Al Raqqa may be liberated but its skies are free to all, at all times. People in Al Raqqa, like all Syrians, often watch their impending deaths pass above them. With their own eyes they watch the planes that kill them coming and going. The helicopters particularly, cause more upset and grievance by their passing than by the death they bring, for everyone can see them. You sense them mocking the glitter of anti-aircraft fire that springs upwards from dilapidated trucks.The Syrians watch their death coming from the sky even as they follow news reports that speak of a civil war between equal sides, where some fear that weapons sent to the opposition fighters might end up in «the wrong hands». For those who have such fears, the death that comes from the sky is somehow not an act carried out by «wrong hands». And they follow, too, the world’s indifference to their deaths.
The regime has no real chance of retaking Al Raqqa. It has just three remaining military units left in the entire governorate, whose scope of operations is restricted by the surrounding opposition fighters: 93rd Brigade, 17th Division and the military airport in Al Tabaqa. The regime persists in its random bombing raids to reduce the pressure on these units as much as possible and as part of its policy of punitive reprisals against areas that are completely outside its control, to keep them occupied with successive humanitarian disasters. Bombardment by fighter jets and long-range surface-to-surface missiles is its only response to those areas that have extricated themselves from its control: it is the steep price the regime exacts for freedom.
The institutions of state, the administration of civil affairs and the long road to the promised dream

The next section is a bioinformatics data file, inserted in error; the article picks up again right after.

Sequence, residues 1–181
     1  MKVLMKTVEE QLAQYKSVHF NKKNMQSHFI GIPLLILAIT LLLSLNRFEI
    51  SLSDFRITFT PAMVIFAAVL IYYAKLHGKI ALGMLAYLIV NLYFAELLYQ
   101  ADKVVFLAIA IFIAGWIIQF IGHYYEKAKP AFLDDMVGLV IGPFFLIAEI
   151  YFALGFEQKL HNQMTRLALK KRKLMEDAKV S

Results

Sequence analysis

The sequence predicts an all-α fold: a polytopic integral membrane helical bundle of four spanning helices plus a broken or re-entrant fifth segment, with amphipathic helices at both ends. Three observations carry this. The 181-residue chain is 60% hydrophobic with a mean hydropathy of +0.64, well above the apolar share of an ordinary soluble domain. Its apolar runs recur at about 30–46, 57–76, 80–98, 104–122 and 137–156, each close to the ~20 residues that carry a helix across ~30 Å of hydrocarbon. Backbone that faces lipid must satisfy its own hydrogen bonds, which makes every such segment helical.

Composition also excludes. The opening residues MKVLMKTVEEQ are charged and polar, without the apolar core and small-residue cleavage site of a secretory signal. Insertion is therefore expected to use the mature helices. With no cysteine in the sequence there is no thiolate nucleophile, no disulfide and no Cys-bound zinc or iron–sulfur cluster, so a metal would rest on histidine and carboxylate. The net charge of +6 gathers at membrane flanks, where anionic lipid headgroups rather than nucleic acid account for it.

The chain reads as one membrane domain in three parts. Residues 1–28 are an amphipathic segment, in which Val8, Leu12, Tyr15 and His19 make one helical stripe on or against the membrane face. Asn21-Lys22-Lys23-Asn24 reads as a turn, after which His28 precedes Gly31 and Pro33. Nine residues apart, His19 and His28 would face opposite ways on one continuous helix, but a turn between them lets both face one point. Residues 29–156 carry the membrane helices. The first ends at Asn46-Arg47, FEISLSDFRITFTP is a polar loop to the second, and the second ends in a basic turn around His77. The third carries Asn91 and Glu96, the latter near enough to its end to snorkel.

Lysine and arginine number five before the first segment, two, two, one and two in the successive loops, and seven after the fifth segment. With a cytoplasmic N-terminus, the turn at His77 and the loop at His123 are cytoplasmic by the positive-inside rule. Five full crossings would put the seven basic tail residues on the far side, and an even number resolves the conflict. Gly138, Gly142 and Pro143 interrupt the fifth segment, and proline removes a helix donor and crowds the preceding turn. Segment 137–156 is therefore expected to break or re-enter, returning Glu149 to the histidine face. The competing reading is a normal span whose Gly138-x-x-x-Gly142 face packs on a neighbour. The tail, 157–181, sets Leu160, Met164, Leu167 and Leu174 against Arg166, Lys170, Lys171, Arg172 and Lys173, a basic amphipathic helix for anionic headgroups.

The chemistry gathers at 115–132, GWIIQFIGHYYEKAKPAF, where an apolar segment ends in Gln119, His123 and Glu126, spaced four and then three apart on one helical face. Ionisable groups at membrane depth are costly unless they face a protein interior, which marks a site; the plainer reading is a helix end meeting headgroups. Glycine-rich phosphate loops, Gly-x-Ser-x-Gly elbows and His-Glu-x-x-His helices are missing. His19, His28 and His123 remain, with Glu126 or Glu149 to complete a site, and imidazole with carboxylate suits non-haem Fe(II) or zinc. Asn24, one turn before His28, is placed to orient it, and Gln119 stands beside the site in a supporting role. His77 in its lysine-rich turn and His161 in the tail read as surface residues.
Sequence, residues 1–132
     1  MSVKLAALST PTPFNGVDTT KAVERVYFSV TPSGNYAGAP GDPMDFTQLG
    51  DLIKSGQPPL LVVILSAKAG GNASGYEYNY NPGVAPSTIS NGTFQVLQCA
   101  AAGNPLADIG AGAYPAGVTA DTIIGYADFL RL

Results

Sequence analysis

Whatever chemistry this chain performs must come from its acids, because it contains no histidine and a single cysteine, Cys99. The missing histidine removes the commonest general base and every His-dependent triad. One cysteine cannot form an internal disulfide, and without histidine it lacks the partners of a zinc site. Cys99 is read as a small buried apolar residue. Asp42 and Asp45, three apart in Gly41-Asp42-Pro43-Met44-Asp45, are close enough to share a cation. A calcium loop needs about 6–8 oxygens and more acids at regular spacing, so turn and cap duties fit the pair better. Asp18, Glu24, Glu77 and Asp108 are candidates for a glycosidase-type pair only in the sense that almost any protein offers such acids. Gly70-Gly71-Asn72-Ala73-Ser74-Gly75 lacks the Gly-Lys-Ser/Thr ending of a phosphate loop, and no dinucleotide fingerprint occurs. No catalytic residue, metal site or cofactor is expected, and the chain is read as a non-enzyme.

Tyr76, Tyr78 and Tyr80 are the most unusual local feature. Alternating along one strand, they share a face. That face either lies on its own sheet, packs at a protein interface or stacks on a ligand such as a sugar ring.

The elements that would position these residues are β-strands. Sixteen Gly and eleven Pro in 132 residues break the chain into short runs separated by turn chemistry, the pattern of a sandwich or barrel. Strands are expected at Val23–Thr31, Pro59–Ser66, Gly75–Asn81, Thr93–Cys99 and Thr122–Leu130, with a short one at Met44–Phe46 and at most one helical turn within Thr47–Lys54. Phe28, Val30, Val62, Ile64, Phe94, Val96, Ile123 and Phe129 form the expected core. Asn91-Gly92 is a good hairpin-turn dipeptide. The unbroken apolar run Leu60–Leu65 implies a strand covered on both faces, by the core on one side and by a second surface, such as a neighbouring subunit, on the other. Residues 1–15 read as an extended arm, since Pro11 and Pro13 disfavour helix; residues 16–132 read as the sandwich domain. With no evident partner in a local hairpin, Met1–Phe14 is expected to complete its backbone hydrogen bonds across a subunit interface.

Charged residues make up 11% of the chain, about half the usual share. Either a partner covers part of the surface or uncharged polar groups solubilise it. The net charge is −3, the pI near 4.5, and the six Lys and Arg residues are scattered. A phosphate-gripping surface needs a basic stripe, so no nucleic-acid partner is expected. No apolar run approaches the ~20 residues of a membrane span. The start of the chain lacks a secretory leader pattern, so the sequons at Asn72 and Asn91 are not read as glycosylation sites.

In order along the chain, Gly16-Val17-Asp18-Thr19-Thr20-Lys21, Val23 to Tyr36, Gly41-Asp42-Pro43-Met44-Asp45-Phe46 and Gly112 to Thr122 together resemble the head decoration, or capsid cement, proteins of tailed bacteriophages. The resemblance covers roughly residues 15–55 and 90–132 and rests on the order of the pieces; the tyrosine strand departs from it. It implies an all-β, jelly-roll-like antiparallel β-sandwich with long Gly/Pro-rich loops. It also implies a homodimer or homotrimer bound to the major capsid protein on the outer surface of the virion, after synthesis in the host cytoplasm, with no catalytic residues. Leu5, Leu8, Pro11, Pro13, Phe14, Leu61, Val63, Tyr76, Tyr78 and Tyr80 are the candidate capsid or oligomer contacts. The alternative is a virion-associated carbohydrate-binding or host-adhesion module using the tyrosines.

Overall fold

Al Raqqa defies the bombardment in a number of ways. Those who remain (and those who have returned) continue their desperate struggle for daily bread, a struggle that is no simple matter these days. There are a very few public service providers that still receive their salaries from the central government (Communications and Electricity) and others whose salaries have been either totally suspended or that have been paid just once in the last six months (Water and Health for example). These providers of vital services continue to work on a voluntary basis with support from the local council, which itself has extremely limited resources. The other problem currently facing Al Raqqa’s residents is the agricultural sector. There are a number of pressing questions surrounding the fate of limited-income farmers. How can they meet the cost of seed and fertilizer now that the admittedly limited government subsidies have been cut off? The fertilizer that is being imported from Turkey is prohibitively expensive. How will the purchase and distribution of crops be regulated? The civil authorities find themselves burdened with new and weighty responsibilities that the Syrian political opposition has completely failed to deal with. The political opposition has no presence on the ground in Al Raqqa. Effective institutions affiliated with the National Coalition or other groups are nowhere to be found. Certain of its representatives make fleeting visits, but that is all. Confronted with all manner of pressing challenges, it is the local council that shoulders the lion’s share of the burden. There are some praiseworthy initiatives, such as an effort to establish a police force, and a very limited number of these policemen have begun to enforce a traffic system, but its work is limited by the new force’s lack of training, equipment and support for its role. Indeed, it is a decisive test of the city’s ever-present armed brigades and their willingness to keep out of civil affairs. The local council has also revived the city’s municipal offices and started working on keeping the city clean.